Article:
Codariocalyx motorius

Codariocalyx motorius (though often placed in Desmodium[1]), known as the telegraph plant, dancing plant, or semaphore plant, is a tropical Asian shrub, one of a few plants capable of rapid movement; others include Mimosa pudica and the venus flytrap.

Telegraph plant
Scientific classification
C. motorius
Binomial name
Codariocalyx motorius
(Houtt.) H. Ohashi
  • Codariocalyx gyrans (L. f.) Hassk.
  • Desmodium gyrans (L.) DC.
  • Desmodium gyrans (L. f.) DC.
  • Desmodium gyrans (L.) DC. var. roylei (Wight & Arn.)Baker
  • Desmodium motorium (Houtt.) Merr.
  • Desmodium roylei Wight & Arn.
  • Hedysarum gyrans L. f.
  • Hedysarum motorium Houtt.
  • Hedysarum motorius Houtt.
  • Meibomia gyrans (L. f.) Kuntze

It is widely distributed throughout Bangladesh, Bhutan, Cambodia, China, India, Indonesia, Laos, Malaysia, Myanmar, Nepal, Pakistan, Sri Lanka, Taiwan, Thailand and Vietnam. It can even be found on the Society Islands, a remote chain of islands in the South Pacific. It produces small, purple flowers. This plant has small, lateral leaflets which move at speeds rapid enough to be perceivable with the naked eye. This is possibly a strategy to maximise light by tracking the sun.[2][3] Each leaf is equipped with a hinge that permits it to be moved to receive more sunlight, but the weight of these leaves means the plant must expend a lot of energy in moving it. To optimise its movement, each large leaf has two small leaflets at its base. These move constantly along an elliptical path, sampling the intensity of sunlight, and directing the large leaf to the area of most intensity. Another hypothesis has been offered that the rapid movements are intended to deter potential predators.[4] It has also been suggested that these movements may be a form of butterfly mimicry to prevent the laying of butterfly eggs on the plant's leaves.[5]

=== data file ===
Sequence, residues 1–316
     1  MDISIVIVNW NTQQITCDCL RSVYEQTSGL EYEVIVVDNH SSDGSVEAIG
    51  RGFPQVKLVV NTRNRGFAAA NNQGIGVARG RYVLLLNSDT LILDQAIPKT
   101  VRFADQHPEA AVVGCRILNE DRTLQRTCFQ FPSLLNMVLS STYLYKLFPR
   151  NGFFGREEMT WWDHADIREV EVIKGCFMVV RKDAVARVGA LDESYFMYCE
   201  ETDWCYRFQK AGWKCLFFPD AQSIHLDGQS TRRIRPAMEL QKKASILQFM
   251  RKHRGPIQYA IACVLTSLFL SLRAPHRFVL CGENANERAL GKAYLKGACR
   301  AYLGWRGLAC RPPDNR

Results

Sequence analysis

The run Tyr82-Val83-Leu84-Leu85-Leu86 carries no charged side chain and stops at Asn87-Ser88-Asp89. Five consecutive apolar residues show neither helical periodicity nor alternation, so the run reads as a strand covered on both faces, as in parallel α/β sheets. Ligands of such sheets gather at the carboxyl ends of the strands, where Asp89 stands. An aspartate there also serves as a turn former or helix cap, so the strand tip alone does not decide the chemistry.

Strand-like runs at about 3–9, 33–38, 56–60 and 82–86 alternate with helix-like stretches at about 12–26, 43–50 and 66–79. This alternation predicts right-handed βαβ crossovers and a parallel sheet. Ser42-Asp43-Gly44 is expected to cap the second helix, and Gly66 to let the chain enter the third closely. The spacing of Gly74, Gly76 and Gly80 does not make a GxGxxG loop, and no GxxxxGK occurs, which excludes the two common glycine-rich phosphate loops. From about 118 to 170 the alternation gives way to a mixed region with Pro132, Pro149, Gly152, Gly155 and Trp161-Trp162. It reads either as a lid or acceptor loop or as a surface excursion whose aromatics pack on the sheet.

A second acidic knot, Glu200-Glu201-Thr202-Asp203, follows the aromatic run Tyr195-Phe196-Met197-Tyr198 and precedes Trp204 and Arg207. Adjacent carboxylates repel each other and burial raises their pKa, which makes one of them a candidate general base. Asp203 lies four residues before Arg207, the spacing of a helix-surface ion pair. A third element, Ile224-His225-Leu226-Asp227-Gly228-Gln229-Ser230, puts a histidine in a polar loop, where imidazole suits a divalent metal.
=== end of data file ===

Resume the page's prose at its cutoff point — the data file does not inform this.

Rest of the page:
The common name is due to the rotation of the leaflets with a period of about three to five minutes; this was likened to a semaphore telegraph, a structure with adjustable paddles that could be seen from a distance, the position of which conveyed a message in semaphore, [6][7][8] hence the common names.

Branch during day (left) and night (right)

The plant is described in detail in Charles Darwin's 1880 The Power of Movement in Plants.


Due to its special characteristic that it can "dance", the plant has been used as ornament in gardening, in which some are made as bonsais.

Apart from ornamental value, the plant also has medical value, due to its leaves, stems[9][10] and roots containing small amounts of tryptamine alkaloids, especially DMT and 5-MeO-DMT.


  1. ^ "Codariocalyx motorius". International Legume Database & Information Service. November 2005. Retrieved December 18, 2007.
  2. ^ "Codariocalyx motorius (Houtt.) H.Ohashi". University of Connecticut. July 2018.
  3. ^ "CODARIOCALYX MOTORIUS (DESMODIUM GYRANS: LA PLANTA DE BAILE)". Casa de Flores. May 2013. Archived from the original on 2018-07-25. Retrieved 2018-07-25.
  4. ^ Simcha Lev-Yadun. "The enigmatic fast leaflet rotation in Desmodium motorium: Butterfly mimicry for defense?" Plant Signaling & Behavior, 2013. "[1]
  5. ^ Lev-Yadun, Simcha (2013-06-01). "The enigmatic fast leaflet rotation in Desmodium motorium". Plant Signaling & Behavior. 8 (6): e24473. doi:10.4161/psb.24473. PMC 3908938. PMID 23603964.
  6. ^ "Mystery of the Dancing Plant: Perhaps the Most Mystical Pea Plant since Jack's Magic Beanstalk". The Evergreen State College.
  7. ^ D'Amato, Peter (January 2016). "The Telegraph Plant by Peter D'Amato". California Carnivores.
  8. ^ Lowry, Connor (July 2013). "Weird and Unusual Plant: The Dancing Plant (Codariocalyx Motorius)". fun flower facts. Archived from the original on 2018-07-25. Retrieved 2018-07-25.
  9. ^ "Codariocalyx motorius (Houtt.) H. Ohashi".
  10. ^ "CODARIOCALYX MOTORIUS (DESMODIUM GYRANS)". Archived from the original on 2018-07-25. Retrieved 2018-07-25. External link in |website= (help)

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